Fixing sluggish write performance of USB flash (thumb) drives

Nov 13 2012 Published by under linux, tech

    This has been noted in various places around the web but in practice what I did seems to be a combination of various writings so I have documented my own experiences here.

    Background

    I recently acquired a (yet another) USB flash drive, this a 16 GB “Dolphin” brand. The actual device reports as “048d:1165 Integrated Technology Express, Inc.” when interrogated using lsusb. I am using it to transfer transcoded Kaffeine PVR recordings from my PC to the set top box in the lounge for more comfortable watching.

    On first use, however, it took what seemed like forever to transfer a 250MB AVI file, over USB2, and looking at the GKrellM chart the write data rate appeared to be a very poor 350 kB/sec. So it seemed yet again, I needed to optimise a USB disk before it was adequate for use.

    In theory, to simplify things to one sentence, flash disk (and in particular, modern SSD) should be faster than spinning disks, as access is a true physical random access operation, without having to wait for the heads to be in the right spot. However this is invalidated due the blocky nature of flash disk writes. The actual reason for the poor write speed is that the default partition starts at the 63rd sector (byte 32256) on the disk, and USB flash drives, SD cards, etc. are designed to write data in chunks of say 128kB at a time. Even if you only write one sector, the entire 128kB (or 256 sectors) must be (re-read first and) written. So when a partition is not aligned on a 128kB boundary, more writes than otherwise necessary are required, slowing performance. USB flash drives generally employ FAT32 so they are usable on the widest variety of devices (including set top boxes) and the general experience of FAT32 is that write performance is severely affected if the partition alignment does not match the flash write size, for both the partition and the FAT master table itself.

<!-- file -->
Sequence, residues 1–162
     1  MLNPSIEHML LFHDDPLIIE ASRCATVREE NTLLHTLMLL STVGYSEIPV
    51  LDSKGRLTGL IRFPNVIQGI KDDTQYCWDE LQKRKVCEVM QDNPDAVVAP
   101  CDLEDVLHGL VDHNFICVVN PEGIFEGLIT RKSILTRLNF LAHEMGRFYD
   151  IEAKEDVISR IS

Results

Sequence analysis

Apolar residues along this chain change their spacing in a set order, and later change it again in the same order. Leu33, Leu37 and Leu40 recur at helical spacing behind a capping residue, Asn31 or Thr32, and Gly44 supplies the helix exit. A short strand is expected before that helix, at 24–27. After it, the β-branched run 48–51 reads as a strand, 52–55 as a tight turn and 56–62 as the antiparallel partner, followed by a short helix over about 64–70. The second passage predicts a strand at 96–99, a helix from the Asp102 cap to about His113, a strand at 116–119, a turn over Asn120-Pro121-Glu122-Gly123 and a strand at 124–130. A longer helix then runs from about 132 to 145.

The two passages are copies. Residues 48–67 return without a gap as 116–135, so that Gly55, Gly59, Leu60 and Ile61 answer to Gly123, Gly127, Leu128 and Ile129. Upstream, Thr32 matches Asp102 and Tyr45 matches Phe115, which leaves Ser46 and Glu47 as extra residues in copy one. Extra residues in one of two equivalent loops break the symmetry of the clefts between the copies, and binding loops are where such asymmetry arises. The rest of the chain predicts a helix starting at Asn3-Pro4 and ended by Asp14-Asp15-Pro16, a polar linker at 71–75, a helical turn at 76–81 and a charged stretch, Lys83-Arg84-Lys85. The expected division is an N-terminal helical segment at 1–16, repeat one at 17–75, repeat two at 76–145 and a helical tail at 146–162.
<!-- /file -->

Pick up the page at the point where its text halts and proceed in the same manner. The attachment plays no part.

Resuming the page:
Procedure

    The procedure I follow for doing fixing misaligned flash drives is:

    1. Find a Linux computer, or reboot using a live Linux distribution such as SysRescueCD
    2. Destroy the existing partition.
    3. Recreate a single partition, ensuring it starts at the 256th sector (byte 131072, or 128kB)
    4. Format the partition to FAT32. with the following non default options:
      • override the default sectors per cluster to ensure clusters are aligned. This comes at some expense of apparent usable space, but the performance gain for writing large files such as video files is more than worth it.
      • Adjust the “reserved” sectors so that the FAT table itself is aligned to 128kB.

    Detailed Steps

    The following command sequence will accomplish this under Linux. This assumes your drive is at /dev/sdd, this will vary depending on what other disks you have.

    1. Run GNU fdisk with units in sector mode not cylinder mode. Then print the existing partition table (enter p when prompted. Below you can see the start sector of the existing partition is at sector 63. Note this is also a primary partition. This is typical of USB flash disks you might purchase at the local supermarket…

    2. Delete the partition:
    3. Recreate the partition, aligned at sector 256 (131072 bytes), and set the type back to FAT32 LBA (in this case matching what previously existed) (type ‘c’, or 0x0c, i.e. FAT32 LBA). Use of FAT32 LBA allows use to start the filesystem on an arbitrary sector bearing no relationship to legacy cylinders, etc. The final sector depends on the disk size.
    4. Save changes:
    5. Format the partition, setting the number of reserved sectors so that the FAT table remains aligned at a 128kB boundary. Assuming sectors per cluster, s=128 (65536 bytes), and our partition length of 31567469 sectors, we want the first fat to start at the 256th sector within the partition (which is OK as the partition itself is aligned.) For some sizes of flash disk, this can be an iterative process, but generally setting the number of reserved sectors to 256 will achieve what we want.

    6. This is the most important step – verify that the chosen number of reserved sectors has resulted in an aligned FAT table and aligned data area.


      The important figure here, is the data area sector – it must be an integer multiple of 256, and 256 x 17 == 4362 in this example.
    7. Test the result. I copied a 256 MB file onto the drive, and GKrellM is now reporting ~2.5MB/sec. More importantly, it finished in approx. one eighth of the time compared to before reformatting.

    The improved write performance should be just as noticeable from Windows.

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